// loop, applying active textures (at most 3 -- for now,
// this code has no multipass and i'm requiring at least 4
// texture units. this can change, of course, once i make it work
for (int i = 0; i < 3; i++) {
glActiveTextureARB(GL_TEXTURE0_ARB + curUnit);

// if a certain texture needs to be applied
if (types[i] != NULL) {
curUnit++;
glBindTexture(GL_TEXTURE_2D, types[i]->getTexId());
glTexEnvi(GL_TEXTURE_ENV, GL_TEXTURE_ENV_MODE, GL_DECAL);
glEnable(GL_TEXTURE_2D);

// generates texture coordinates (it works; not a concern).
types[i]->getTexCoords(tile[i], s1[i], t1[i], s2[i], t2[i]);
}
}

// use the next successive texture unit to post-multiply
// with the lighting term
glActiveTextureARB(GL_TEXTURE0_ARB + curUnit);
glTexEnvi(GL_TEXTURE_ENV, GL_TEXTURE_ENV_MODE, GL_COMBINE_ARB);
glTexEnvi(GL_TEXTURE_ENV, GL_COMBINE_RGB_ARB, GL_MODULATE);
glTexEnvf(GL_TEXTURE_ENV, GL_SOURCE0_RGB_ARB, GL_PRIMARY_COLOR_ARB);
glTexEnvf(GL_TEXTURE_ENV, GL_OPERAND0_RGB_ARB, GL_SRC_COLOR);
glTexEnvf(GL_TEXTURE_ENV, GL_SOURCE1_RGB_ARB, GL_PREVIOUS_ARB);
glTexEnvf(GL_TEXTURE_ENV, GL_OPERAND1_RGB_ARB, GL_SRC_COLOR);
glEnable(GL_TEXTURE_2D);
curUnit++;

// turn off any unused texture units
for (i = curUnit; i < 4; i++) {
glActiveTextureARB(GL_TEXTURE0_ARB + i);
glDisable(GL_TEXTURE_2D);
}

phlake
05-29-2002, 02:21 PM
aha! to answer my own question: a texture must be bound to any texture unit, even if the texture is not used.

in my example above, i frequently have no texture bound to the modulation unit. even though i enable GL_TEXTURE_2D, i don't explicitly bind a texture. (my thinking, of course, ran along the lines of: "don't _use_ the texture, so why bind one?")

anyway, problem solved.

zeckensack
05-29-2002, 10:05 PM
Heh, funny thing http://www.opengl.org/discussion_boards/ubb/smile.gif

I've never used the vanilla texture functions (well, the NeHe tuts I tried actually did ...) but isn't GL_DECAL supposed to completely ignore the previous texture unit's results?

In table 3.22 of the version 1.3 spec document, the GL_DECAL function is described as
Cv=Cf*(1-As)+CsAs

where Cv is the result, Cf is the primary fragment color (not the result of the previous unit), As is texture alpha and Cs is texture RGB.

What's going on there? Are you sure that all three textures contribute to your final result?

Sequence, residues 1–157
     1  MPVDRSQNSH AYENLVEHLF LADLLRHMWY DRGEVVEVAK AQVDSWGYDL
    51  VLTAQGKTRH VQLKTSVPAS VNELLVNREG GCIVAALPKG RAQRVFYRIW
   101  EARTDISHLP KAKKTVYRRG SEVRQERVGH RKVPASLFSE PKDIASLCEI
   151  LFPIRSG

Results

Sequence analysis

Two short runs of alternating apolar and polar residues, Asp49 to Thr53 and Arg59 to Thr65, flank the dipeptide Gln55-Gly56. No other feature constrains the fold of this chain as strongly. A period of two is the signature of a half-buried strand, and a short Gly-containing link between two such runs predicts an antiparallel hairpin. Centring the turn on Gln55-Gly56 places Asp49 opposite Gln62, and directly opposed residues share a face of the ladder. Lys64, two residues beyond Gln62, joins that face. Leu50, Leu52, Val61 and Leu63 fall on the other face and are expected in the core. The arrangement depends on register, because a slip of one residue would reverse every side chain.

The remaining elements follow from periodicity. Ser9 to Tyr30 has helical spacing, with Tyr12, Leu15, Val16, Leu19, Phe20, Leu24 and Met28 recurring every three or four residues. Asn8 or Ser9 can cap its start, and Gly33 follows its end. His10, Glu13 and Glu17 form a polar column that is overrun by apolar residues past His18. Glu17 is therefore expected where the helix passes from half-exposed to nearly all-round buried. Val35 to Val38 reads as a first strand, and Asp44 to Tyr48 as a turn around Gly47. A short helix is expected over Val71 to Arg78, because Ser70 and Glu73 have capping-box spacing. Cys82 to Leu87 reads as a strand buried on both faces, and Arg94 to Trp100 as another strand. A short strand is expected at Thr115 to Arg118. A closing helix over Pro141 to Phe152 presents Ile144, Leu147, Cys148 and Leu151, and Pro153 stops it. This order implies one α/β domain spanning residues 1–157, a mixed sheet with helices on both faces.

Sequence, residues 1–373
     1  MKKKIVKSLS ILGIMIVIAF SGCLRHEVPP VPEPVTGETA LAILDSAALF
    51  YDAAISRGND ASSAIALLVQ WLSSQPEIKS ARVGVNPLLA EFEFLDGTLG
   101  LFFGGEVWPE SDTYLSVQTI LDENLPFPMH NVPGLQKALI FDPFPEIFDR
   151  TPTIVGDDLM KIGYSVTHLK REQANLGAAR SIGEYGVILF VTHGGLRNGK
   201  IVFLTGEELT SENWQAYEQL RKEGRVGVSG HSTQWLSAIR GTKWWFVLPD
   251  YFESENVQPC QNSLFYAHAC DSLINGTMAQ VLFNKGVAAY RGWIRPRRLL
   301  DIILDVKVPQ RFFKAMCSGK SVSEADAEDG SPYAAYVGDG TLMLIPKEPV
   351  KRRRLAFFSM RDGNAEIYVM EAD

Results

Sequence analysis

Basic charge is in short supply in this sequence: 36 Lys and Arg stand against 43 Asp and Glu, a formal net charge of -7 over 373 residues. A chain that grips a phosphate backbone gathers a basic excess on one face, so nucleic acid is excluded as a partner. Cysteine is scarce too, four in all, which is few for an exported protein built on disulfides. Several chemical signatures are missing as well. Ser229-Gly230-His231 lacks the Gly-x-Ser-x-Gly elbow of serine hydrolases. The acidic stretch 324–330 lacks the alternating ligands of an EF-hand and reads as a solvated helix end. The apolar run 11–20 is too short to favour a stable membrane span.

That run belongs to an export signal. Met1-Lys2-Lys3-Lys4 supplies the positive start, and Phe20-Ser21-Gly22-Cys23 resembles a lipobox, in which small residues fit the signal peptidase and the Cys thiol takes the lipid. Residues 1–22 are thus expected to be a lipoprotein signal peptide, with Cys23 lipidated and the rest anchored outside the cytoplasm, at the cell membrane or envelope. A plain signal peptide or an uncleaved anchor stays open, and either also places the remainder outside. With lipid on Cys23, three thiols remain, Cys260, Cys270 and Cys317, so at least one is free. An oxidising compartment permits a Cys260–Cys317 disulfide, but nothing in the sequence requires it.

I first thought it might be a typo in the spec ... but generelly an implementation should obey the spec regardless

Or am I just being stupid?

phlake
05-30-2002, 11:18 AM
Originally posted by zeckensack:
Heh, funny thing http://www.opengl.org/discussion_boards/ubb/smile.gif

I've never used the vanilla texture functions (well, the NeHe tuts I tried actually did ...) but isn't GL_DECAL supposed to completely ignore the previous texture unit's results?

In table 3.22 of the version 1.3 spec document, the GL_DECAL function is described as
Cv=Cf*(1-As)+CsAs

where Cv is the result, Cf is the primary fragment color (not the result of the previous unit), As is texture alpha and Cs is texture RGB.

What's going on there? Are you sure that all three textures contribute to your final result?

I first thought it might be a typo in the spec ... but generelly an implementation should obey the spec regardless

Or am I just being stupid?

it's clear that all three texture units contribute to the result. recall that the spec was written prior to multitexturing capabilities. i just assumed (and correctly, this time) the Cf in these equations actually equates to GL_PREVIOUS_ARB, rather than GL_PRIMARY_COLOR_ARB. this does appear to be the case.

zeckensack
05-31-2002, 08:12 AM
Eeeeks.
See this (gl 1.3 spec already includes multitexturing!):

Cf and Af are the primary color components of the incoming fragment; Cs
and As are the components of the texture source color, derived from the filtered
texture values Rt , Gt , Bt , At , Lt , and It as shown in table 3.21; Cc and Ac are
the components of the texture environment color; Cp and Ap are the components
resulting from the previous texture environment (for texture environment 0, Cp and Ap are identical to Cf and Af , respectively); and Cv and Av are the primary color components computed by the texture function.

Still they go on and use Cf and Af instead of Cp and Ap in the formulas.

That's definitely a typo in the spec. It applies to the MODULATE function as well ...